10. Please explain how the Carlile report is anyway "advantageous to the abbey"? There is a distinct feeling on this blog of just condemning without giving anything a chance.

    15:55, truly I am sure that everybody is horrified and sorry for the abuse which you have suffered. It is devastating, terrible and inexcusable. However, I fail to see how Abbot Martin could apologise to you more clearly for what has occurred.

    Unfortunately, security is now required around the school thanks to Mr. West's action and the aggressive nature of some of the press. It is sad if you feel intimidated by this, but I am sure that you will agree with me that the safety and security of pupils is paramount and with much jostling going on there is a risk of a pupil getting caught in the cross-fire.

    I am again slightly alarmed by the continual description of the security team as "Russian". What is this supposed to imply? Again a description of an employee as "swivel eyes" is also not really appropriate.

    I would strongly encourage you to go and meet with Mr. Cleugh to discuss the report. I'm sure that he'll give you a fair hearing.

  11. Given the climate of hostility (justified or not) and the need to hear real parents' views and questions as a priority,when anyone with a scent of a story wanted to get in there It is not surprising they asked the name and form of the child? The hostility against hearing any reasoned argument or accepting behaviour as justifiable in the circumstances is as closed in attitude as the original opposition to our complaints.We all have to take a step forward together now.Like it or not.

  12. I don't see the end of this anytime soon. A Panorama (or other TV?) special on the 60 year history of sadistic, power crazed sleazy sickos, bullying (like I said before: pupil on pupil, teacher on pupil, and pupil on teacher) and violence would not be surprising in the least, and many OPs will jump at the chance to air their grievances, whereas others won't like the idea one bit. It may further dent the prestige of the RC church and the school, and sadly, possibly further divide the community, causing more tension therein. Hopefully however, some healing will come out of it all in the long run. Like anonymous wisely said earlier up the page: "the dilemma is weighing pain against justice and truth." However, another relevant truism (or platitude?) here is also: "The truth will set you free." We live in an age where children are blessed with so much more care and good will than they had 20,30,40,50 years ago (particularly at St. B's), and the changes in attitude and values are so radical that people are naturally shocked (only with the benefit of hidsight!) to realise children could be treated so badly relatively not that long ago, or in the case of some of us who went to the school, IN their own lifetimes! One could do a (vaguely?) comparative analysis here with what has been dug up in Spain only recently, deeds that took place during the Franco regime, evil deeds wherein there was a collusion between members of both the church and the medical profession - the "disappearing babies scandal" - children born one day, taken away from their parents the next day if the parents were "politically or economically" disadvantaged, the parents being told that their babies had simply died, only for these to be trafficked to "good, but childless families" thereafter, who paid the doctors, nuns and priests good money to adopt. To maintain social harmony following the death of Franco, there was an amnesty for all crimes committed during the civil war, and the regime itself, but given the new legacies being unearthed now, letting sleeping dogs lie is obviously no longer easy. We may consider that we're witness to here is our own positive evolution, and the advance of civilisation. Those who forget the past are doomed to repeat it.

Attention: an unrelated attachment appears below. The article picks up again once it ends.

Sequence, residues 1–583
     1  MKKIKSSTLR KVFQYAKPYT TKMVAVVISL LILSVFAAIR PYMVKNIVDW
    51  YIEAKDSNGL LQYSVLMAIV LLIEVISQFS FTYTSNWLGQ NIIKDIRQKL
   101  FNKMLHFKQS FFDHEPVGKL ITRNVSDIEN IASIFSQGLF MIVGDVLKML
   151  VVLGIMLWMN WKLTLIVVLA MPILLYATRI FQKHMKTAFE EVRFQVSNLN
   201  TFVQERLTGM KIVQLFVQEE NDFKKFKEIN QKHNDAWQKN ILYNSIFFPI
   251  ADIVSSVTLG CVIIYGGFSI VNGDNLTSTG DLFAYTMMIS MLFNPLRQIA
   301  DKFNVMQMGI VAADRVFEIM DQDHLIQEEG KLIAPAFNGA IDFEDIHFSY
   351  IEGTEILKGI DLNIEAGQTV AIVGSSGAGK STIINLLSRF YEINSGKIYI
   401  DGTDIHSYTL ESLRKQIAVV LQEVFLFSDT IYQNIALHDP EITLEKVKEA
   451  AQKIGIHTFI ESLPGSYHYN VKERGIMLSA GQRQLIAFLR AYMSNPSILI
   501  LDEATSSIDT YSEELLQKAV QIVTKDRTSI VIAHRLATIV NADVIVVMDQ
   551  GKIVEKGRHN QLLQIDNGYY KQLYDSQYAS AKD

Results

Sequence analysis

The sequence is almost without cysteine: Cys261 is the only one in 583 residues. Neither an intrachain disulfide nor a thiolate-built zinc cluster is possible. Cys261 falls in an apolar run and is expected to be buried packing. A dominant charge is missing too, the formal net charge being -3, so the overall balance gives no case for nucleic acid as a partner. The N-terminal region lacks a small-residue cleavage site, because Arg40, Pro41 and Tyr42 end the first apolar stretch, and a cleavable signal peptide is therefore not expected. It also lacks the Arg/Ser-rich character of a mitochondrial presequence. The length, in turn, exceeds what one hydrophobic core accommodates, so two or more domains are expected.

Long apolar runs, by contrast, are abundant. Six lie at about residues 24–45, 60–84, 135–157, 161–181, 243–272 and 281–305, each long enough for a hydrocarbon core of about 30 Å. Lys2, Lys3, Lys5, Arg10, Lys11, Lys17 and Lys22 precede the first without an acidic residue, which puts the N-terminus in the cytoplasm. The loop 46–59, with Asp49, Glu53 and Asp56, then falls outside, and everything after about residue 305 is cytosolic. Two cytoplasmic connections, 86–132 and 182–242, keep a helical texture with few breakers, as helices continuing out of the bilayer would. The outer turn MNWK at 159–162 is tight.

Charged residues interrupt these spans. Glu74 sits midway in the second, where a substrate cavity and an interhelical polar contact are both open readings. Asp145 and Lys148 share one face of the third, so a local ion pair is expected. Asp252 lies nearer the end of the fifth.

13. I was impressed by the report and feel the school and the abbey should be allowed to move on now.
    I only came across this blog and much of the evidence and accusations yesterday (I have lived in Africa for 21 years). I read the entire blog from beginning to end as it was very disconcerting to have been taught by every one of the people accused, I think Mr West deserves great praise for keeping this matter alive and the debate informed but I do feel writing this blog has taken a toll on him too if you compare the tone in the last year with the tone in the beginning.

  14. Yes you did misunderstand. By the time the report is fully implemented they will be separate entities, until then the same Trust staff will continue to work on the Abbey and the school, with before you say it, adequate CRB checks and complete and utter vetting.

    Secondly, the safety of the children has been Mr West's aim on this site throughout his campaign and it was the aim of the Trust staff yesterday to make sure that people were not in areas that may jeopardize the safety of the children. That is perhaps why you were ushered away from the grounds of the school.

    Thirdly, your description of the member of staff as "Russian" can only be described as somewhat mis-informed and racist. Just because he has an Eastern European accent, you automatically assume he is Russian? My friend, that is not the society within which we live and such attitudes will not get you far within it.

    Fourthly, the school does not have "security goons". They are members of trust staff ensuring the welfare of the students, as outlined above. Your rather hilarious description of one such member of the faculty as "swivel-eyed" can only lead me to assume that you are again making rash judgments on a person without actually knowing the full extent of their character or personality; another mistake to make within the liberal world that Britain is today.